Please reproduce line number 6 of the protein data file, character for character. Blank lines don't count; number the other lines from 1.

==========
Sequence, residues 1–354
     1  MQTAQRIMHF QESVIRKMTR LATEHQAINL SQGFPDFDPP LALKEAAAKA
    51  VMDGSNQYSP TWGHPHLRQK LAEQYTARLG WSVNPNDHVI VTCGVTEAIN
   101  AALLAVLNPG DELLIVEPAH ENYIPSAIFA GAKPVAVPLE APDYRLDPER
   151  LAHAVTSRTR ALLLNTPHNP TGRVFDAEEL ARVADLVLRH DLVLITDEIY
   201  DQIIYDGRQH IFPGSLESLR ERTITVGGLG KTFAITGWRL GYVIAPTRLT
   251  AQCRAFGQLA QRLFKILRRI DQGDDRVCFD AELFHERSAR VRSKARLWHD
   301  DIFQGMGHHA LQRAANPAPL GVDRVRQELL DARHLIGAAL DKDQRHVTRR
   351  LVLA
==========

   201  DQIIYDGRQH IFPGSLESLR ERTITVGGLG KTFAITGWRL GYVIAPTRLT